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Structural, functional, and bioinformatics studies reveal a new snake venom homologue phospholipase A2 class

Authors

  • Juliana I. dos Santos,

    1. Departamento de Física e Biofísica, Instituto de Biociências, UNESP – Univ Estadual Paulista, Botucatu-SP and Instituto Nacional de Ciência e Tecnologia em Toxinas, CNPq, Brazil
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    • The authors Juliana I. dos Santos and Mariana Cintra-Francischinelli contributed equally to this work.

  • Mariana Cintra-Francischinelli,

    1. Dipartimento di Scienze Biomediche, Università di Padova, Padova, Italy
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    • Rafael J. Borges,

      1. Departamento de Física e Biofísica, Instituto de Biociências, UNESP – Univ Estadual Paulista, Botucatu-SP and Instituto Nacional de Ciência e Tecnologia em Toxinas, CNPq, Brazil
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    • Carlos A. H. Fernandes,

      1. Departamento de Física e Biofísica, Instituto de Biociências, UNESP – Univ Estadual Paulista, Botucatu-SP and Instituto Nacional de Ciência e Tecnologia em Toxinas, CNPq, Brazil
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    • Paola Pizzo,

      1. Dipartimento di Scienze Biomediche, Università di Padova, Padova, Italy
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    • Adélia C. O. Cintra,

      1. Departamento de Análises Clínicas, Toxicológicas e Bromatológicas, FCFRP, USP, Ribeirão Preto-SP, Brazil
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    • Antonio S. K. Braz,

      1. Departamento de Física e Biofísica, Instituto de Biociências, UNESP – Univ Estadual Paulista, Botucatu-SP and Instituto Nacional de Ciência e Tecnologia em Toxinas, CNPq, Brazil
      Current affiliation:
      1. Univ Federal do ABC, CCNH, Santo André-SP, Brazil
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    • Andreimar M. Soares,

      1. Departamento de Análises Clínicas, Toxicológicas e Bromatológicas, FCFRP, USP, Ribeirão Preto-SP, Brazil
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    • Marcos R. M. Fontes

      Corresponding author
      1. Departamento de Física e Biofísica, Instituto de Biociências, UNESP – Univ Estadual Paulista, Botucatu-SP and Instituto Nacional de Ciência e Tecnologia em Toxinas, CNPq, Brazil
      • Departamento de Física e Biofísica, Instituto de Biociências, UNESP – Univ Estadual Paulista, Botucatu-SP and Instituto Nacional de Ciência e Tecnologia em Toxinas, CNPq, Brazil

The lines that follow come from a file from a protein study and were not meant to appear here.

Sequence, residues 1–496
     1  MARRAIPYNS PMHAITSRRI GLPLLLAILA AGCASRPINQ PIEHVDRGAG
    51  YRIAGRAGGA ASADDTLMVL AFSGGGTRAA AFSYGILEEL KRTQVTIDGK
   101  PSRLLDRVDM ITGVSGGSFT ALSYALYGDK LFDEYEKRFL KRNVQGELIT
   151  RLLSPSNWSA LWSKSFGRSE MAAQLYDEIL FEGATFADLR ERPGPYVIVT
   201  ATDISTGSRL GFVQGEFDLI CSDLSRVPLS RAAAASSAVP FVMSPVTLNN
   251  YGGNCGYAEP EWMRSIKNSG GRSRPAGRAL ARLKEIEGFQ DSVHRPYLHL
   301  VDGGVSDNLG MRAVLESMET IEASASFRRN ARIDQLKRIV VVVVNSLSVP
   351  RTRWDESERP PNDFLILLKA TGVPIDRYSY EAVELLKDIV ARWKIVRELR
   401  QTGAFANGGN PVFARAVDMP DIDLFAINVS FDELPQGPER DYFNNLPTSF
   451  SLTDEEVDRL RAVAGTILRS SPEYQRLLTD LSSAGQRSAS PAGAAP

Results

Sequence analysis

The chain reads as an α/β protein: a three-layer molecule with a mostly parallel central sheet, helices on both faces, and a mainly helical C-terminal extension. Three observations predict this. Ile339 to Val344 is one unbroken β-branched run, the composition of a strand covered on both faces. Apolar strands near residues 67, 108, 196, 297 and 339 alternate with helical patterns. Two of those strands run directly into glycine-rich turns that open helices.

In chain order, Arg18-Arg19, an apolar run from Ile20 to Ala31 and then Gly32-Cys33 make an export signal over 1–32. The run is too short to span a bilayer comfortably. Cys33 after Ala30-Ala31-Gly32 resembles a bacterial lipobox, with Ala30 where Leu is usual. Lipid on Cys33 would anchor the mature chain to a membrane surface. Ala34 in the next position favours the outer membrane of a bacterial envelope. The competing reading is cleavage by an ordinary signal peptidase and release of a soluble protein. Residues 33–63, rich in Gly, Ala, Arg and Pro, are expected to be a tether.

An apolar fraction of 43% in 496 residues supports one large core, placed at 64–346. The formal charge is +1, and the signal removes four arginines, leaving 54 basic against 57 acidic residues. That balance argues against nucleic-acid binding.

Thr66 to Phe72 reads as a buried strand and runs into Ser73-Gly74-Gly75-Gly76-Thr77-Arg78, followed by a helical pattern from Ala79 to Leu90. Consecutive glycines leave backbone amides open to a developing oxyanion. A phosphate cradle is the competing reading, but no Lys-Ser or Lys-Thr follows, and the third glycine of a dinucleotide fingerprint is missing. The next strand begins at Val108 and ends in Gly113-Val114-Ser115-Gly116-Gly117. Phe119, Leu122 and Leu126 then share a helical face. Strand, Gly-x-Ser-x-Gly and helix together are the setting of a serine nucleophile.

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    Abstract

    Phospholipases A2 (PLA2s) are enzymes responsible for membrane disruption through Ca2+-dependent hydrolysis of phospholipids. Lys49-PLA2s are well-characterized homologue PLA2s that do not show catalytic activity but can exert a pronounced local myotoxic effect. These homologue PLA2s were first believed to present residual catalytic activity but experiments with a recombinant toxin show they are incapable of catalysis. Herein, we present a new homologue Asp49-PLA2 (BthTX-II) that is also able to exert muscle damage. This toxin was isolated in 1992 and characterized as presenting very low catalytic activity. Interestingly, this myotoxic homologue Asp49-PLA2 conserves all the residues responsible for Ca2+ coordination and of the catalytic network, features thought to be fundamental for PLA2 enzymatic activity. Previous crystallographic studies of apo BthTX-II suggested this toxin could be catalytically inactive since a distortion in the calcium binding loop was observed. In this article, we show BthTX-II is not catalytic based on an in vitro cell viability assay and time-lapse experiments on C2C12 myotube cell cultures, X-ray crystallography and phylogenetic studies. Cell culture experiments show that BthTX-II is devoid of catalytic activity, as already observed for Lys49-PLA2s. Crystallographic studies of the complex BthTX-II/Ca2+ show that the distortion of the calcium binding loop is still present and impairs ion coordination even though Ca2+ are found interacting with other regions of the protein. Phylogenetic studies demonstrate that BthTX-II is more phylogenetically related to Lys49-PLA2s than to other Asp49-PLA2s, thus allowing Crotalinae subfamily PLA2s to be classified into two main branches: a catalytic and a myotoxic one. Proteins 2010. © 2010 Wiley-Liss, Inc.

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